Zero #5

Story by
Art by
Will Tempest
Colors by
Jordie Bellaire
Letters by
Clayton Cowles
Cover by
Image Comics

Four stars or no, Ales Kot and Will Tempest's "Zero" isn't a series that I rush home to tell my friends about. With other work this impressive, I'm immediately evangelical, throwing the issue at my roommates and texting about it to everyone else. But each month when I've finished "Zero," I find myself lying there in thought with the issue in my lap. It's an intensely private series, worming under the skin in a way you don't necessarily want to share. I'm not surprised it's flown relatively low on the critical radar.

Plus, it's been a slow, slow build over the past four issues. Zero's been introduced in bits and pieces, in vignettes and randomly arranged memories, so each installment feels like its own animal. However, this issue takes an unexpected turn outward from character building to world-building. The final panel is not only a stunning image but a surprise that begins to reveal what exactly Zero's "world-changing" choice was. I don't want to say that it raises the stakes, since the stakes have always been plenty high and centered squarely on Zero, but it definitely broadens them.

Most of the issue, however, focuses on Zero's recuperation after the prolonged, brutal assassination in Issue #4. Will Tempest's fragile, direct art is a wonderful fit for this issue about recovery and revelations. His characters all look wounded around the eyes, but with a keenness to them, as if they're more curious as to why they find themselves hurt than bothered by being so. He also excels at conveying the physicality of long-term spies. His bodies look real, all lumps and burbled edges, and they look breakable. When Zero is prodding his wounds in the dark, the silence in the panels is palpable.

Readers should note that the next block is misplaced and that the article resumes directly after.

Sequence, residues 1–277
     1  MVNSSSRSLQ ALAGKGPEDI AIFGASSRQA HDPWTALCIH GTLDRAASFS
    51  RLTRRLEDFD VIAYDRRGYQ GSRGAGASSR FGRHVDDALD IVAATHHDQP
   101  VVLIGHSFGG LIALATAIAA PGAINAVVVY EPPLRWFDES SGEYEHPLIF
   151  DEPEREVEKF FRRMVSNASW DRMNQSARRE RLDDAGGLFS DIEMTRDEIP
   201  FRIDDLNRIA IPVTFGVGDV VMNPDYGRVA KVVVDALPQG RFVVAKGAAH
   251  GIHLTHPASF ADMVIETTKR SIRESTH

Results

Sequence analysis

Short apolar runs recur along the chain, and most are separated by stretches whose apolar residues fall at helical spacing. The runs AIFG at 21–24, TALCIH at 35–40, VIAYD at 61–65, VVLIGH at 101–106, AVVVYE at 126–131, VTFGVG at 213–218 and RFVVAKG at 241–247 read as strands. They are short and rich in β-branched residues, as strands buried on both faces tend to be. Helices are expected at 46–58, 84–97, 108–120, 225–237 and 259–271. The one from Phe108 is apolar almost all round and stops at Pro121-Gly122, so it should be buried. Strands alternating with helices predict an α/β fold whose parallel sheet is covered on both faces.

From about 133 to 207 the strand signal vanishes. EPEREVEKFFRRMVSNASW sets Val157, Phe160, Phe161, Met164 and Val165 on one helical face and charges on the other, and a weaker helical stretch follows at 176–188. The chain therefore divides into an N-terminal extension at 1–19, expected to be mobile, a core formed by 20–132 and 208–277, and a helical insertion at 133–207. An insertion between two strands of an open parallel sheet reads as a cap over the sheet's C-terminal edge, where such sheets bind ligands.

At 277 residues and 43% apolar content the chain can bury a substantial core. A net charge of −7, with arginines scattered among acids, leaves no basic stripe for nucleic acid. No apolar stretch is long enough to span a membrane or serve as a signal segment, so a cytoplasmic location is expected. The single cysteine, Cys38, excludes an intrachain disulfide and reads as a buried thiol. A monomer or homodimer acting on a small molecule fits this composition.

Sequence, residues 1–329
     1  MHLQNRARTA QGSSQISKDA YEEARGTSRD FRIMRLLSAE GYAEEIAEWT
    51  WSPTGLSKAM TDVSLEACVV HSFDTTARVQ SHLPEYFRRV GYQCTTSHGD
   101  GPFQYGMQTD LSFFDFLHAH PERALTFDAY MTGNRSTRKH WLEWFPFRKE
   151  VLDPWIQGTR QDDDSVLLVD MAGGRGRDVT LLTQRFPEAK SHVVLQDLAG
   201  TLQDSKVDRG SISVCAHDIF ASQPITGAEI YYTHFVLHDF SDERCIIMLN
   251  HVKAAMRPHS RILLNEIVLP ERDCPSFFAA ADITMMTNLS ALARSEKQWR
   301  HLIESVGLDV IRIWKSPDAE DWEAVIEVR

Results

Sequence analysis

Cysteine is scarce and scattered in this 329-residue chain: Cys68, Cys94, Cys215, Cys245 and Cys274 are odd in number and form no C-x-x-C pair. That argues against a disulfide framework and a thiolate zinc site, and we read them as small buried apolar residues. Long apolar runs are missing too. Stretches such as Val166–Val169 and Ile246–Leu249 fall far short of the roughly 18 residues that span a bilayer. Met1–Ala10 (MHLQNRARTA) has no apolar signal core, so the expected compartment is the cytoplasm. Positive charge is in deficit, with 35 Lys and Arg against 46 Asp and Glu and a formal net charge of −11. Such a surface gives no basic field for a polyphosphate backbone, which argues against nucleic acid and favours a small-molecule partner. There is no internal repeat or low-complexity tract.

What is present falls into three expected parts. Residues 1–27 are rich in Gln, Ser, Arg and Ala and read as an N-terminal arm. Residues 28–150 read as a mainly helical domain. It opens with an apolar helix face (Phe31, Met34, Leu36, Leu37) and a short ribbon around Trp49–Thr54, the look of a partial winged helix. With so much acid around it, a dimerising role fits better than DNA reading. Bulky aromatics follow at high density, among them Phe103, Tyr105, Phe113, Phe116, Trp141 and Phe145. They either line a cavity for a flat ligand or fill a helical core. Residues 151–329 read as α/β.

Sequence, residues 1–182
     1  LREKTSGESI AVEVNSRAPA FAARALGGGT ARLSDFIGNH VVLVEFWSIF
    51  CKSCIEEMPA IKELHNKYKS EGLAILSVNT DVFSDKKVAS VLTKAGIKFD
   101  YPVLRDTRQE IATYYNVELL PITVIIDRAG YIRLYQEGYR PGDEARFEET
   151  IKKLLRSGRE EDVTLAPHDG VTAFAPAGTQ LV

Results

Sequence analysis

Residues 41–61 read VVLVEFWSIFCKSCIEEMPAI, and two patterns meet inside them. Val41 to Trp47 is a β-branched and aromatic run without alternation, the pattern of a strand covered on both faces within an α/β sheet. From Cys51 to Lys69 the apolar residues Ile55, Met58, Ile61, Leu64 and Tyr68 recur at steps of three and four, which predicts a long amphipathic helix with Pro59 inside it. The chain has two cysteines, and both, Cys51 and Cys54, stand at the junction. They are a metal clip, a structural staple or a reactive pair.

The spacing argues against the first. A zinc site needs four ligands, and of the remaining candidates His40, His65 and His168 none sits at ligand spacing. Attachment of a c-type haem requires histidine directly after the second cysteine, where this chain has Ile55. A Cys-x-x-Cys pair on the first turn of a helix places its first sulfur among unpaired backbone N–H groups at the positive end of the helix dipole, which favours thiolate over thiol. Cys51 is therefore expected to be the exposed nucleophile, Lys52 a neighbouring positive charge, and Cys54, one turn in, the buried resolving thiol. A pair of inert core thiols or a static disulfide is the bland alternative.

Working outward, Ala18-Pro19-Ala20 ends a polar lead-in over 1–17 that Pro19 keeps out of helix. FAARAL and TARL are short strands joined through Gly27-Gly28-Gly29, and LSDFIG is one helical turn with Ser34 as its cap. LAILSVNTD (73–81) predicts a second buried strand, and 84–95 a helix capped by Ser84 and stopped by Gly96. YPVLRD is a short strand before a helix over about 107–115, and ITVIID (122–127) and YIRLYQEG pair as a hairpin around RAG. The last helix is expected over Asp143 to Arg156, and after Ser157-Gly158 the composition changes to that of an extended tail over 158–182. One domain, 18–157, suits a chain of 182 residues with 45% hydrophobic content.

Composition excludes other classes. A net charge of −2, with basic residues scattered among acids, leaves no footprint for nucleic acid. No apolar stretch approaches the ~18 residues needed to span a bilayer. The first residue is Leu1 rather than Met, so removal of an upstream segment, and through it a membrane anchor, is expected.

Jordie Bellaire's coloring also adds a lot to the atmosphere. Per usual, her work is a wonder. How she's managed to color all these different artists so splendidly is beyond me. The flat, sterile palette she uses here works just as well as the sleeker, warmer colors in Issue #2, which were just as effective as the pulpy-icy colors in #3. In addition, the two 2038 scenes that bookend this issue are colored in a mournful, otherworldly light-blue wash that ties them together and foreshadows the final reveal. Clayton Cowles continues to do elegant, unobtrusive work on lettering. Poor lettering could have crippled the effect of a few of these panels, but Cowles puts everything in the right place.

With all of this other excellent work, it would be understandable to neglect Ales Kot's contribution. He writes a spare and fiercely, fiercely edited script. It's made this series feel like a real showcase for the many artists involved, but that's also made it a brilliant example of how disciplined Kot is. It's tempting to make the big plot plays early on, but Kot has delayed the reveals and paced the characterizations with patience and tight control.

Issue #5 isn't my favorite issue of "Zero" thus far, but it's just as remarkably done as its predecessors. With that ending, it's switched the rules of the narrative and set up for an exciting new turn come March.

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